Together with the decoding work of Marshall Warren Nirenberg and others, the discovery of the triplet nature of the genetic code was critical to deciphering the code.[36] Barnett helped set up Sydney Brenner's laboratory in Singapore, many years later.[37][38]

Esther Lederberg, Gunther Stent, Sydney Brenner and Joshua Lederberg pictured in 1965

Brenner, with George Pieczenik,[39] created the first computer matrix analysis of nucleic acids using TRAC, which Brenner continued to use. Crick, Brenner, Klug and Pieczenik returned to their early work on deciphering the genetic code with a pioneering paper on the origin of protein synthesis, where constraints on mRNA and tRNA co-evolved allowing for a five-base interaction with a flip of the anticodon loop, and thereby creating a triplet code translating system without requiring a ribosome. This model requires a partially overlapping code.[40] The published scientific paper is extremely rare in that its collaborators include three authors who independently became Nobel laureates.[41]

Brenner then focused on establishing a free-living roundworm Caenorhabditis elegans as a model organism for the investigation of animal development including neural development. He chose this 1-millimeter-long soil roundworm mainly because it is simple, is easy to grow in bulk populations, and turned out to be quite convenient for genetic analysis. One of the key methods for identifying important function genes was the screen for roundworms that had some functional defect, such as being uncoordinated, leading to the identification of new sets of proteins, such as the UNC proteins. For this work, he shared the 2002 Nobel Prize in Physiology or Medicine with H. Robert Horvitz and John Sulston. The title of his Nobel lecture in December 2002, "Nature's Gift to Science", is a homage to this nematode; in it, he considered that having chosen the right organism turned out to be as important as having addressed the right problems to work on.[42] In fact, the C. elegans community has grown rapidly in recent decades with researchers working on a wide spectrum of problems.[43]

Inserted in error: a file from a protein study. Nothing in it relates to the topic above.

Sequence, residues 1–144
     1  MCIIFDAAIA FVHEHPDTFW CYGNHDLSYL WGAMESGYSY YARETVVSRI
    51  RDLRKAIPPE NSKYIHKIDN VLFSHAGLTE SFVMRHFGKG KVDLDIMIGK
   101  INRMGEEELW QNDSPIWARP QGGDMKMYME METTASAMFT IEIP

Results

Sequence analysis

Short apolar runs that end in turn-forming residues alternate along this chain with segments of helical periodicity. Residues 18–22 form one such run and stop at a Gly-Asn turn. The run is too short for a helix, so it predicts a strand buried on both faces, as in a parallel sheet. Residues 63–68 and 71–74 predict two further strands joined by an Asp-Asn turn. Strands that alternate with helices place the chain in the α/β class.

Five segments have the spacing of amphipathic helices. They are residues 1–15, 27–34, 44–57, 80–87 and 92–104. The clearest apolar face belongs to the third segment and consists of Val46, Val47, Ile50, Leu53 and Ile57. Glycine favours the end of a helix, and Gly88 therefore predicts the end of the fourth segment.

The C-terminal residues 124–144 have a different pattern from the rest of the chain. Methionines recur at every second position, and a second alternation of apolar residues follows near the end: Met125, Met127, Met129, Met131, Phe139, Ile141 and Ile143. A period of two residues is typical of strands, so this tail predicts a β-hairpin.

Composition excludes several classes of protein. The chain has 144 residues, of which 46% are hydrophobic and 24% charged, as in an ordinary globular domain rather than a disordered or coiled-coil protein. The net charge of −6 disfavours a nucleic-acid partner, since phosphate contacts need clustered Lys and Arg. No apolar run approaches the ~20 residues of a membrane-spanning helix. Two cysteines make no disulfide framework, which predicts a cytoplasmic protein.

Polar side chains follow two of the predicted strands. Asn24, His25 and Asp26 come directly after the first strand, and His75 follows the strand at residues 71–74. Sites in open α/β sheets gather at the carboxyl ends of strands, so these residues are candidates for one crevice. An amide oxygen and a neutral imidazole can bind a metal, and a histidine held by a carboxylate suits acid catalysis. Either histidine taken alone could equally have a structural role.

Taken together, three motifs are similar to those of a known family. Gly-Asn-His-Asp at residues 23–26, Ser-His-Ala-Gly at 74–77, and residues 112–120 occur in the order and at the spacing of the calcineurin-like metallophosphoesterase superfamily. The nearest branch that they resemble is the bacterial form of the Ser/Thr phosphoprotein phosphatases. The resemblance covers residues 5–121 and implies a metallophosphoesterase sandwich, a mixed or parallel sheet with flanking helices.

Brenner founded the Molecular Sciences Institute in Berkeley, California in 1996.[5] As of 2015 he was associated with the Salk Institute, the Institute of Molecular and Cell Biology, the Singapore Biomedical Research Council, the Janelia Farm Research Campus, and the Howard Hughes Medical Institute.[5] In August 2005, Brenner was appointed president of the Okinawa Institute of Science and Technology.[44] He was also on the Board of Scientific Governors at The Scripps Research Institute,[45] as well as being Professor of Genetics there.[4] A scientific biography of Brenner was written by Errol Friedberg in the US, for publication by Cold Spring Harbor Laboratory Press in 2010.[20]